Sucks to be the spouse of an Ironman triathlete


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Kevin Helliker of the Wall Street Journal has a fun article about the challenges encountered when one partner in a relationship is an avid exerciser and the other isn’t:

The exercise widow often wakes to an empty bed—a sure sign of a morning workout—and may find dinner plans spoiled by a sudden avoidance of anything heavy before a night run. Hoping for an hour of television or catching-up before bedtime? Forget it: All that early-morning exercise takes its toll. Mr. Waxman arrives home from the office after his children, ages 11, 10 and 8, have eaten dinner, and he hits the sack before they do. “I’m out of gas by nine o’clock,” Mr. Waxman says.

“A lot of wives in my position would have left,” Ms. Waxman says…

Last summer, Mrs. Waxman persuaded her parents and her husband’s parents to join her in what she calls “a family intervention”—a flurry of letters to Mr. Waxman urging him to exercise less.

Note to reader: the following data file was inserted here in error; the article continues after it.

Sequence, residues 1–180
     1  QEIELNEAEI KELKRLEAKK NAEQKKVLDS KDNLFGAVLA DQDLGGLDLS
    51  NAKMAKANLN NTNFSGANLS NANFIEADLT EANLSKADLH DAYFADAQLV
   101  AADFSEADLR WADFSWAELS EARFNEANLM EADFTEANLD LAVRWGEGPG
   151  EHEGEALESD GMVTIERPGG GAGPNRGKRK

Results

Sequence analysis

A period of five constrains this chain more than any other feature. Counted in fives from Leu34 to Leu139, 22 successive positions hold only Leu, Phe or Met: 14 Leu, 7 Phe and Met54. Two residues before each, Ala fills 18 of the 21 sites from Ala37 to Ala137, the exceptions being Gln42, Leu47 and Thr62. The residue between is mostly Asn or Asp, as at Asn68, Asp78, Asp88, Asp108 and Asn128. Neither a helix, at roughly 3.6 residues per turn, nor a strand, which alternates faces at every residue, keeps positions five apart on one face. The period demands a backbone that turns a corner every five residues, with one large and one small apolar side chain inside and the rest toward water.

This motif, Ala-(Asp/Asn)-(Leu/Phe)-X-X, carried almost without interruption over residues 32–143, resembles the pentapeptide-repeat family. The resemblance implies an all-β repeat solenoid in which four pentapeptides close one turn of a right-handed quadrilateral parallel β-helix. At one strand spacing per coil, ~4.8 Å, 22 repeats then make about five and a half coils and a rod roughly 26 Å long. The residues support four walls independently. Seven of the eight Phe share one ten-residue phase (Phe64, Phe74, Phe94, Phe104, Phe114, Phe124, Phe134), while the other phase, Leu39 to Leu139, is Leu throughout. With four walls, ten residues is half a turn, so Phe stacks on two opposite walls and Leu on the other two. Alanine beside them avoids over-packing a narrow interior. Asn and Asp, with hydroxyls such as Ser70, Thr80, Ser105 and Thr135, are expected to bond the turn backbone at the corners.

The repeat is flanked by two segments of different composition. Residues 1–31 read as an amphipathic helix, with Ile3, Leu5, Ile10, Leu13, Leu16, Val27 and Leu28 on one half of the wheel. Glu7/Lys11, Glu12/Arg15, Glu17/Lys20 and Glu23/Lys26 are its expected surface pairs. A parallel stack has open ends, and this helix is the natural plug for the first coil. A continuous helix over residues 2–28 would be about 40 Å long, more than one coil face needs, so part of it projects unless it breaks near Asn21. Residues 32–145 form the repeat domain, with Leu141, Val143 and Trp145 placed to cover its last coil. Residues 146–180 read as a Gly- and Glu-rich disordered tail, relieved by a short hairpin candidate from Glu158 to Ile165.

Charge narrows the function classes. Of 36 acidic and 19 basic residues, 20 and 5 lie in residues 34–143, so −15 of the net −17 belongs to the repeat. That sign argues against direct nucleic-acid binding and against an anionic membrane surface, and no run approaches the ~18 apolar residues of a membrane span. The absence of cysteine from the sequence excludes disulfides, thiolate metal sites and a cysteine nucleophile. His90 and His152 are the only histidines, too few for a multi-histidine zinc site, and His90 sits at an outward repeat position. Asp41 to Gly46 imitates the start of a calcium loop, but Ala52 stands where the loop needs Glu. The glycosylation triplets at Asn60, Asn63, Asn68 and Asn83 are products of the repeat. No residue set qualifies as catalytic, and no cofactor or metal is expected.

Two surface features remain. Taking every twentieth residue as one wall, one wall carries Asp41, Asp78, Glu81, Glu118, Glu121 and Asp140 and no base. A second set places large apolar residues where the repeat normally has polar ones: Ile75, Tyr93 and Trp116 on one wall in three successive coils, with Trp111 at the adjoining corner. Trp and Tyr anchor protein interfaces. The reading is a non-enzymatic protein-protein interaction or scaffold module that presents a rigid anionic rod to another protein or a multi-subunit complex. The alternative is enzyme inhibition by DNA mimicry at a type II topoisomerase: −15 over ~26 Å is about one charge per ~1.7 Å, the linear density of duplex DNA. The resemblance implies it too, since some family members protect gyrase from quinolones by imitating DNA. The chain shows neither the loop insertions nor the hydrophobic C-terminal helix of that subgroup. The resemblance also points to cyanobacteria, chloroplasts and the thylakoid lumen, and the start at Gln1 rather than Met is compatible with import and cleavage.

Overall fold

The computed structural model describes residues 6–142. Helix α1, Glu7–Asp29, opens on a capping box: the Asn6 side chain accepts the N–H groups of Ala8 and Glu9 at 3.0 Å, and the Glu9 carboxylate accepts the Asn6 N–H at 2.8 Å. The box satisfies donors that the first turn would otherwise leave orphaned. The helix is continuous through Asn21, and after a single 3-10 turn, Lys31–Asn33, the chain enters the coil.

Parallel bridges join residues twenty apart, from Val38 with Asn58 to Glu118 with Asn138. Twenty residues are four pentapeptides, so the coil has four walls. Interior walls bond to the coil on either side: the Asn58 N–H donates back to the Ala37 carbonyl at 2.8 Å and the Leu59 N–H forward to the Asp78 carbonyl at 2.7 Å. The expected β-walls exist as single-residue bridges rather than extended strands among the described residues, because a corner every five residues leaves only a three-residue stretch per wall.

The article doesn’t actually come up with any statistics to suggest that this is a common or growing problem. It’s basically just a collection of anecdotes, but they’re interesting — and will probably sound familiar to some readers!

4 Replies to “Sucks to be the spouse of an Ironman triathlete”

  1. I am amazed at some people and their percieved obligations as parents. One dinner and one date night does not make a family. You can still train and do well without leaving all the responsibilities in one partner’s hand. Getting the kids ready for school, getting meals ready, putting the kids to bed, etc. takes a lot of energy and should be done by both parents as the norm not the exception. Don’t be a Mr. Waxman!

  2. @Larry I agree with you unless one parent isn’t working for an employer full time. This could be a nice arrangement when one parent stays home to take care of house work while the other takes care of making money. I believe it gives both parents more free and family time. Some don’t have the luxury to have one parent not work full time and others sadly choose money. I’ve been living it and am proponent of the single income family.

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